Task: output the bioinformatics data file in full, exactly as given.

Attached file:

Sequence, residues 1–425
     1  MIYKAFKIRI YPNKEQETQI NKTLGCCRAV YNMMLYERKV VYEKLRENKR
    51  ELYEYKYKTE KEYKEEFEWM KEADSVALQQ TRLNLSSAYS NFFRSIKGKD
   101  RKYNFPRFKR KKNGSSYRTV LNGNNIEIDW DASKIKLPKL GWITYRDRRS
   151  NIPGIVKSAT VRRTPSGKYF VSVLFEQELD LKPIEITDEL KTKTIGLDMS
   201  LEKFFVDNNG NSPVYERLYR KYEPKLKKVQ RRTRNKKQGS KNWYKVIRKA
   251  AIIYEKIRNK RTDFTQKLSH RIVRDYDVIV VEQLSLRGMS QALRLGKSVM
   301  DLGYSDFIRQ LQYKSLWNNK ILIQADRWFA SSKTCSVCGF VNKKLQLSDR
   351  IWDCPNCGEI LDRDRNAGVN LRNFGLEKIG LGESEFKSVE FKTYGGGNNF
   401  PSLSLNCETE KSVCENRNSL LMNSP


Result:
Sequence, residues 1–425
     1  MIYKAFKIRI YPNKEQETQI NKTLGCCRAV YNMMLYERKV VYEKLRENKR
    51  ELYEYKYKTE KEYKEEFEWM KEADSVALQQ TRLNLSSAYS NFFRSIKGKD
   101  RKYNFPRFKR KKNGSSYRTV LNGNNIEIDW DASKIKLPKL GWITYRDRRS
   151  NIPGIVKSAT VRRTPSGKYF VSVLFEQELD LKPIEITDEL KTKTIGLDMS
   201  LEKFFVDNNG NSPVYERLYR KYEPKLKKVQ RRTRNKKQGS KNWYKVIRKA
   251  AIIYEKIRNK RTDFTQKLSH RIVRDYDVIV VEQLSLRGMS QALRLGKSVM
   301  DLGYSDFIRQ LQYKSLWNNK ILIQADRWFA SSKTCSVCGF VNKKLQLSDR
   351  IWDCPNCGEI LDRDRNAGVN LRNFGLEKIG LGESEFKSVE FKTYGGGNNF
   401  PSLSLNCETE KSVCENRNSL LMNSP